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Shahid Kapoor: High on potential and intelligence

The actor, who completes 20 years in the film industry, on pushing the envelope with diverse choices, rediscovering himself as an artiste, staying relevant, his learnings over the years, and why his best is yet to come

Kunal Purandare
Infographics By Pradeep Belhe
Published: Jun 20, 2023 12:02:37 PM IST
Updated: Jun 20, 2023 12:24:46 PM IST

Shahid Kapoor: High on potential and intelligenceShahid Kapoor seems to have pushed the envelope as far as the roles he’s essayed on screen are concerned. Image: @mayank_mudnaney

Shahid Kapoor saunters into a five-star hotel suite with a spring in his stride. Dressed in a white shirt and trousers—apt for the harsh Mumbai summer that’s extended to the month of June—he greets everyone with a chirpy tone and a beaming smile. Within minutes, he makes himself comfortable on the couch and instructs the crew to reposition the camera. The setup has to be slightly readjusted to focus on the actor, who’s promoting his latest film, Bloody Daddy, an OTT release. The 42-year-old knows exactly what he wants—both from his life and career—and explains that lucidly as he revisits his 20-year journey in the world of films.

“I am extremely comfortable with who I am today. I am fortunate to be in the headspace that I am in now because I feel settled and surer than I was earlier. It will be difficult for something to derail me. I am pretty, kind of, zoned in. And I know what I want to do,” the actor tells Forbes India. Kapoor, who was 22 when he made his debut with the romantic comedy Ishq Vishq (2003), concedes that he was figuring out who he was for the first 12 to 15 years of his career as “a lot gets thrown at you”.

Today, he emphasises, he is clearer with his choices. And in the past few years, the actor seems to have pushed the envelope as far as the roles he’s essayed on screen are concerned. From playing the lead in Kabir Singh (2019), a surgeon with severe anger management issues, to an aspiring India cricketer in Jersey (2022), an emotional tale about a father-son relationship, and from making his OTT debut with the web series Farzi (2023) to releasing a film on a streaming platform this year, he’s let his craft do the talking.

“I don’t want to do content that’s limited; I want to be able to take good content to a wider audience. That’s something I’ve always craved to do,” says Kapoor, going on to explain how it took a while for him to move the needle during his initial years in the industry. The success of Ishq Vishq made him a much-loved chocolate boy of Indian cinema, but the romantic hero tag stuck with him. The actor reveals he tried to break the mould with films like Fida (2004), but he couldn’t do much since those opportunities rarely came his way. “I had to wait till I grew a beard… meri daari nahi aati thi,” smiles Kapoor, who’s now sporting substantial facial fuzz.

Shahid Kapoor: High on potential and intelligence

He credits filmmaker Vishal Bhardwaj for helping people change the perception about him with Kaminey (2009), which was completely contrary to what the actor had done till then. And then the ball got rolling with Mausam (2011), Haider (2014), Udta Punjab (2016) and Padmaavat (2018), to name a few. “It sometimes takes time for things to come together. I don’t think there is a huge change in intent. In the last five or six years, I would say things have been falling into place more often than not,” says Kapoor.

Actor-filmmaker Pankaj Kapur concurs with his son. “Though initially he was only perceived as a chocolate hero, over the years Shahid has proved himself as an actor of certain mettle and of certain potential,” he says.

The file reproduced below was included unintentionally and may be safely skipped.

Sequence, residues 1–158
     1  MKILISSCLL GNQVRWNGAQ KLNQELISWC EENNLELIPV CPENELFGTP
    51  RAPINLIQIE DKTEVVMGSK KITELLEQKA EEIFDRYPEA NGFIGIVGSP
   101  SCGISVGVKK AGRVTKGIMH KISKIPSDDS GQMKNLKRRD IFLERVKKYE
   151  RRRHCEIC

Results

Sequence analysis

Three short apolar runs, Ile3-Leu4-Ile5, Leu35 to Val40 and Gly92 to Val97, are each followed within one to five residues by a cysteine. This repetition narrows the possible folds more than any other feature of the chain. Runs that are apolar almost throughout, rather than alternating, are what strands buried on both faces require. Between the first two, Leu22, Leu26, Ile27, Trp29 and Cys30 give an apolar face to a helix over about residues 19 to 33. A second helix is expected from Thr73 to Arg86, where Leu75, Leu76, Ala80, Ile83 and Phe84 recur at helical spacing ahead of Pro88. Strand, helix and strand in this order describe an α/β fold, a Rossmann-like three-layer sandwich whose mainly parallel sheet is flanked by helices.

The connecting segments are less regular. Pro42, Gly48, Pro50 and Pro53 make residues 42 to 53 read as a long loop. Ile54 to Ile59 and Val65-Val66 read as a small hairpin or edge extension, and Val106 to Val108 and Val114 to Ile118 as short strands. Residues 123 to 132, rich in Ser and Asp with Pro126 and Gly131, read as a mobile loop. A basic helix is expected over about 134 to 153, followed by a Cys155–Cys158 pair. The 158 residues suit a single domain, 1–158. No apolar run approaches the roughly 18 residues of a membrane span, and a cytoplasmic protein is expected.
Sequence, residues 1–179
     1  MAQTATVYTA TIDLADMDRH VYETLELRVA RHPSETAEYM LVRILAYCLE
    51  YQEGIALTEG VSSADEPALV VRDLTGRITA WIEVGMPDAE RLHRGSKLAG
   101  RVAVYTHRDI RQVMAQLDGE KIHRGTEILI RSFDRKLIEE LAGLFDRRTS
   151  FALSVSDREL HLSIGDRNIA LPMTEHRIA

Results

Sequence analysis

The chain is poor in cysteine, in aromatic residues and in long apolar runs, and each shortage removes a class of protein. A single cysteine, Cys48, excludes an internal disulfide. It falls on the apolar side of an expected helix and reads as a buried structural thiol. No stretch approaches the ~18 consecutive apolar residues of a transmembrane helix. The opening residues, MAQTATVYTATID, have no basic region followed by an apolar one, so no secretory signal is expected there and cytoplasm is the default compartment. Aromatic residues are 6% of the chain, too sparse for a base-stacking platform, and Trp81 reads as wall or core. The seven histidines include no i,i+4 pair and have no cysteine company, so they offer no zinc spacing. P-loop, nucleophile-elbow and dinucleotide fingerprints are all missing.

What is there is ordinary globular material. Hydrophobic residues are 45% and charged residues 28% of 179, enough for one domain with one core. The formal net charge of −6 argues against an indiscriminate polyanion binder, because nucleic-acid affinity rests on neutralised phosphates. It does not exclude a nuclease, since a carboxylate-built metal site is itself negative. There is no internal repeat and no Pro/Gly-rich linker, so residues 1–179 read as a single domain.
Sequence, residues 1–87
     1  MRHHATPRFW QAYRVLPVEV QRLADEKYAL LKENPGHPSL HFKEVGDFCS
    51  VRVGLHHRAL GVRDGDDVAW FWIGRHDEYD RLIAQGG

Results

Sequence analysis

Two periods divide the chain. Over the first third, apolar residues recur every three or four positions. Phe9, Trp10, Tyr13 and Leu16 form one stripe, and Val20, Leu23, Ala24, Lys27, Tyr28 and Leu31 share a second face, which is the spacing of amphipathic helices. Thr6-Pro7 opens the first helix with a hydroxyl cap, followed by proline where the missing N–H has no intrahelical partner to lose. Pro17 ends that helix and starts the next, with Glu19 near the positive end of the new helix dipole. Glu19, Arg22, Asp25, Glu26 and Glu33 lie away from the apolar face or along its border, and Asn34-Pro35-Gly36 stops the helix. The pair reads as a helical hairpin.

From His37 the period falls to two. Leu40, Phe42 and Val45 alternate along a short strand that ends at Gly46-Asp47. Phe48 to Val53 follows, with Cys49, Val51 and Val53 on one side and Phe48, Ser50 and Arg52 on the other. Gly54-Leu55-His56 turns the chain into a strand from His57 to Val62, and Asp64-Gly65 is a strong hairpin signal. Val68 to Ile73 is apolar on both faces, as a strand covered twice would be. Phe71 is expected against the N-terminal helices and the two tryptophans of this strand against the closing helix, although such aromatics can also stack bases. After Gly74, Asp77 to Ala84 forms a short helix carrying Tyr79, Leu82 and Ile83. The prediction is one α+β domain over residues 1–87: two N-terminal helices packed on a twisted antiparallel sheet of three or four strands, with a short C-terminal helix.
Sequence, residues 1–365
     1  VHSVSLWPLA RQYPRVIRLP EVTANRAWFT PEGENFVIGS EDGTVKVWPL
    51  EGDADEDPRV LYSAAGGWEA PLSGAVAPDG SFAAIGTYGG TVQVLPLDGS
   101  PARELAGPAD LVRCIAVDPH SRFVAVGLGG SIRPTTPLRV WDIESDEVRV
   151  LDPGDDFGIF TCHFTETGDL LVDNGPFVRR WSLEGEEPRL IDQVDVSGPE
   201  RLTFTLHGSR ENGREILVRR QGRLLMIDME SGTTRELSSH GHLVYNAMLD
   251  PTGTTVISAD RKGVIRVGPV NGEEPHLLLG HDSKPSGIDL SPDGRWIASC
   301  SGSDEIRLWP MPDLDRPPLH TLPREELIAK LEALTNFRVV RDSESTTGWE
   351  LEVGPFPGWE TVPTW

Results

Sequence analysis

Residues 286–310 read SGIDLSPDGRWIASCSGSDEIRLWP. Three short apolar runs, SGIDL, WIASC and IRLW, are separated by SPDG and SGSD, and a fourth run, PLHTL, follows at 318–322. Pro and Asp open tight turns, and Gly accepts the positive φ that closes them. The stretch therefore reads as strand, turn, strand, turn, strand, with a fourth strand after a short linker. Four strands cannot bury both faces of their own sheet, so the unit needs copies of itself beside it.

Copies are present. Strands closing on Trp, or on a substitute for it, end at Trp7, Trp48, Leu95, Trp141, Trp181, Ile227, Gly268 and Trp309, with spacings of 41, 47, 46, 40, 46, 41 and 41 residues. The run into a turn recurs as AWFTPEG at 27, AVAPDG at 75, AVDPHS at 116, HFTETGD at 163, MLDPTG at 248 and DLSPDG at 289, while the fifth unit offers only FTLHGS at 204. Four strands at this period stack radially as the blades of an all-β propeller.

Though his father is a respected artiste, Kapoor was adamant that he wanted to make it on his own. “I was close to my dad, but I didn’t have the relationship with him to tell him to introduce me to some of his colleagues. I had too much self-respect for that. And dad was a self-made man, so I wanted to be self-made, I didn’t want to go about asking for anything or ask anybody else for anything,” says Kapoor, who lived with his mother Neelima Azeem after his parents separated.

Shahid Kapoor: High on potential and intelligence

So, the skinny youngster took the route that any Bollywood aspirant takes: He left his photographs with various production houses, went for interviews, gave auditions after auditions, and waited on the side like everybody else for that break. Kapur slowly gathered that his son harboured dreams of becoming an actor. He recalls that Kapoor did a seven-day acting workshop with him and actor Naseeruddin Shah, and that was indication enough that he was inclined towards the medium. The fact that he was training for dance under Shiamak Davar at that time only reaffirmed the path he was going to choose.  

“I always saw great promise in Shahid because even when I was directing something, he would randomly come and audition like the others, just for fun,” says Kapur, jogging his memory back to those days. “As a father, I was proud and knew that he’s a fine actor. That he’ll make it as a big star was something I never knew. But he had great potential as an actor.”

Also read: The cult of Shahid Kapoor

Potential is a word that director Imtiaz Ali uses frequently when he speaks about Kapoor. The filmmaker and the actor collaborated to give one of the most popular films and biggest hits of their career, Jab We Met, in 2007. Ali says he was struggling to make the film for a long time and reveals that it was Kapoor who made it happen.

The filmmaker had approached the actor with another story, when the latter asked him about a ‘train story’ that he had in mind. “Shahid asked me who would you like to cast as Geet. When I told him Kareena Kapoor, he said I’ll ask her to meet you, and you can narrate the whole film in detail to us. I narrated it to both of them on the floor of Shahid’s house. It was then that I had a feeling that this film will happen now,” says Ali, adding that Kapoor believed in the film from the outset—he told the producers that Jab We Met will go places, to treat it with respect during the release, and that it will take them all further in their journeys—and he was proven right.